As a rule, most people like to know what they’re in for of an evening; I, on the other hand, am sometimes a bit too fond of a surprise for my own good. Hence how I sometimes end up standing on the deck of a boat on the Tyne for an hour in the dead of a winter night. Or why I sign myself up for something that might or might not involve trying ballroom dancing for the first time – in public – for several hours.
As of when I arrived at the Festival Theatre’s Studio, my dance experience was effectively only of your club night contact sport variety, the exception being a year of ballet taken well over a decade ago. The friend I’d brought along for moral – and quite possibly literal – support had been taking courses in tap and swing; my thinking was that, if it came down to it, I could rely on her to help show me the ropes.
I needn’t have worried. The evening couldn’t have been more welcoming to folk, whatever your skillset. Within the three-hour-and-forty-minute runtime of Shall We Dance?, you could choose to be on the floor nearly the whole time, or feel equally at home watching the evening unfold from the comfort of your seat. Some chose one or the other of these options; most of us selected something in between.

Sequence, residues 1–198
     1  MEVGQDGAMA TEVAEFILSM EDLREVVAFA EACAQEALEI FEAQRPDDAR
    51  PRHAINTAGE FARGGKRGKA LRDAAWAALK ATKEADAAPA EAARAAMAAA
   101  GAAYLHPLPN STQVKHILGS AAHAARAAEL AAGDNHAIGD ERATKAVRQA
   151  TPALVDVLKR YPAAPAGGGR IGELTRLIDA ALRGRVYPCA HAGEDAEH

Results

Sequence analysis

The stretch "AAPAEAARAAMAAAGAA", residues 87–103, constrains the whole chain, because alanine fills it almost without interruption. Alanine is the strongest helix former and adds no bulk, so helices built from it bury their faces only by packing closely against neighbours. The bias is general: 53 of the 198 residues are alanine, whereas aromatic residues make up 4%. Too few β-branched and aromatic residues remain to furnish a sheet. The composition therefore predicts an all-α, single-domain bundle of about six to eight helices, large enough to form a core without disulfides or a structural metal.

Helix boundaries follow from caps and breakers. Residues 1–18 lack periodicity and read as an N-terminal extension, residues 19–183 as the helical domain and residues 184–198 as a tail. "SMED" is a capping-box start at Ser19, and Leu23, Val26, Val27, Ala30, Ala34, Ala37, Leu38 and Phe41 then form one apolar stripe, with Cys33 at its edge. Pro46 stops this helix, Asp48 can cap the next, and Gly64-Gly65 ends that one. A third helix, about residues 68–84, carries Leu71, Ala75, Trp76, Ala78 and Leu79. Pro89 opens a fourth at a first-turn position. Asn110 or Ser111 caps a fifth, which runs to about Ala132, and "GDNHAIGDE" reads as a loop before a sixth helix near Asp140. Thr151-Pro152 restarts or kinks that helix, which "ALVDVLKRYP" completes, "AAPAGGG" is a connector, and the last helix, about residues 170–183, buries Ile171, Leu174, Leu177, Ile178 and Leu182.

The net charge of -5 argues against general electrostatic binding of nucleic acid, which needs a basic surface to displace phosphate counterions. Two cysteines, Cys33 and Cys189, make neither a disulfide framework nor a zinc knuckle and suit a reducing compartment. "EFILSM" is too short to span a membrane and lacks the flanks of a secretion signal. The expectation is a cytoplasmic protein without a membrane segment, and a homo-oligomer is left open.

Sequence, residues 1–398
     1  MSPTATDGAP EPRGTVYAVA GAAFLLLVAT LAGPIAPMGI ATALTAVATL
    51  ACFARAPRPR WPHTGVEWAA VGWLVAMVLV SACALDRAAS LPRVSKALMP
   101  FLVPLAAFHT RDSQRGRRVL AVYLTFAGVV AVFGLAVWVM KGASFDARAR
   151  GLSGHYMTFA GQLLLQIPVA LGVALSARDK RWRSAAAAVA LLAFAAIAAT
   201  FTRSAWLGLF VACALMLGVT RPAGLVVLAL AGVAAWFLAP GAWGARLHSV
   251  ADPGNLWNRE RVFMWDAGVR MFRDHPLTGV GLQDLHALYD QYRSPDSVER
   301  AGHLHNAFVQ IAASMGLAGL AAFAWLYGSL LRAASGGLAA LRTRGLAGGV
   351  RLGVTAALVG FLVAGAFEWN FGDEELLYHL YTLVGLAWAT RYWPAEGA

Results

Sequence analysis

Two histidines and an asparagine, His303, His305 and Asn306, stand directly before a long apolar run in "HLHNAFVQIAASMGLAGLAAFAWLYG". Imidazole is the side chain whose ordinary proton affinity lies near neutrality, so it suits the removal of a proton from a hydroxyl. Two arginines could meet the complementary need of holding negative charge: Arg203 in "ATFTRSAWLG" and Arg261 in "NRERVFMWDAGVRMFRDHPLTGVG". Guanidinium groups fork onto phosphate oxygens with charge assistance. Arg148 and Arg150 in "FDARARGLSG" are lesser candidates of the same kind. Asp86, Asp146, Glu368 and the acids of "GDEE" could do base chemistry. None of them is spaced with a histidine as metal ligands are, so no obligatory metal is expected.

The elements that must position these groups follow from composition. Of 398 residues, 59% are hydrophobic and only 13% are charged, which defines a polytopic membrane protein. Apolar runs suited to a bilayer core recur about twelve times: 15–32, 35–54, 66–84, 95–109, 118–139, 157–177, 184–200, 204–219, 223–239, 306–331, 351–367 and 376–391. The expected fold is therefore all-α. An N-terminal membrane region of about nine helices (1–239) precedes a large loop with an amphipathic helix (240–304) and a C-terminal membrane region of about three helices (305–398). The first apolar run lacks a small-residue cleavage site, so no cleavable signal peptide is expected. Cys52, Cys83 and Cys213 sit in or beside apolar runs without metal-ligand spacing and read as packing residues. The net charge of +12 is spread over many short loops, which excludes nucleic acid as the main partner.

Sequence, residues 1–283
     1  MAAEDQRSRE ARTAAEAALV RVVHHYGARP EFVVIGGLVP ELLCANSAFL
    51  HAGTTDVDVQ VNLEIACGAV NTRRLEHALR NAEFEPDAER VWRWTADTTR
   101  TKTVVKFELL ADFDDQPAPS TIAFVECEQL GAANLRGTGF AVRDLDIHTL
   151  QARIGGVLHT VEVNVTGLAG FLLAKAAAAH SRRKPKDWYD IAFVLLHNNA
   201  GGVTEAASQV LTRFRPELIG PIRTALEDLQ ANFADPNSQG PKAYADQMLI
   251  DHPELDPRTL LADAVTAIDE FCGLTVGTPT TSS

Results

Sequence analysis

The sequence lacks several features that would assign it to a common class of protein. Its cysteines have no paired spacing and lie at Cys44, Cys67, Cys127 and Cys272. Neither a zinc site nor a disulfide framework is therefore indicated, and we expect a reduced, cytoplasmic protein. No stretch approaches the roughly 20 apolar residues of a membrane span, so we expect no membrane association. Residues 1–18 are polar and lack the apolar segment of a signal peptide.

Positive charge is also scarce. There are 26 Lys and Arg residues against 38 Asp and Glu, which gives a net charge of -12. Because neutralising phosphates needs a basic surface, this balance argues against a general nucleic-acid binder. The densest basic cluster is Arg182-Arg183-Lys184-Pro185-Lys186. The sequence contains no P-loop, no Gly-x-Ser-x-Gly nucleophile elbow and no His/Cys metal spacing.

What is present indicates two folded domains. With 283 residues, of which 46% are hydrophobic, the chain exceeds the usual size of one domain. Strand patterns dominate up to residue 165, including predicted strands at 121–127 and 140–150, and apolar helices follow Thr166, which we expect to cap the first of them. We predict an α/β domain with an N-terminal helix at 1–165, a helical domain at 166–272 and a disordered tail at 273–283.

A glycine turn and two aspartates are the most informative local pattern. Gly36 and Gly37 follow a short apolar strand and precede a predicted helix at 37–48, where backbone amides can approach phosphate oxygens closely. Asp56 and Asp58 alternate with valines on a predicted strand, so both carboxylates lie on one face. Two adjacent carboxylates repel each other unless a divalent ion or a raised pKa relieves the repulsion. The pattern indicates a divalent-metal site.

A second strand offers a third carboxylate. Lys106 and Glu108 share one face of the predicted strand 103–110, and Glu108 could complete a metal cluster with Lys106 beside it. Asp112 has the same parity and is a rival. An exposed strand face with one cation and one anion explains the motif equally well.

Beginning with a instructive session by the event’s organiser, Dawn-Claire Irvine, there was then plenty of opportunity for us to try out our newfound skills to the accompaniment of a five-piece live band, Radio Pachuco, playing everything from Amy Winehouse to the Cantina Band song from Star Wars (a quickstep, if you must know). Later on, there was a stunning demonstration by current Scottish Ballroom champions Tibor Poc and Hilary Mouat – which may explain why some new learners weren’t quite as confident to retake the floor after the band returned.
Given this was the first instalment in what hopes to be a regular evening, it’s hard to say how Shall We Dance? might look in a few months’ time. One piece of audience feedback suggested that there could be a second beginners’ session: perhaps passing on additional moves to test out during the evening’s second half. The fact that Irvine seemed receptive to this suggests there will be some healthy evolution ahead for her project. I for one hope it sticks around; the effort she’s already put into it deserves an appropriate payoff.
Photos courtesy of Neil Hanna.
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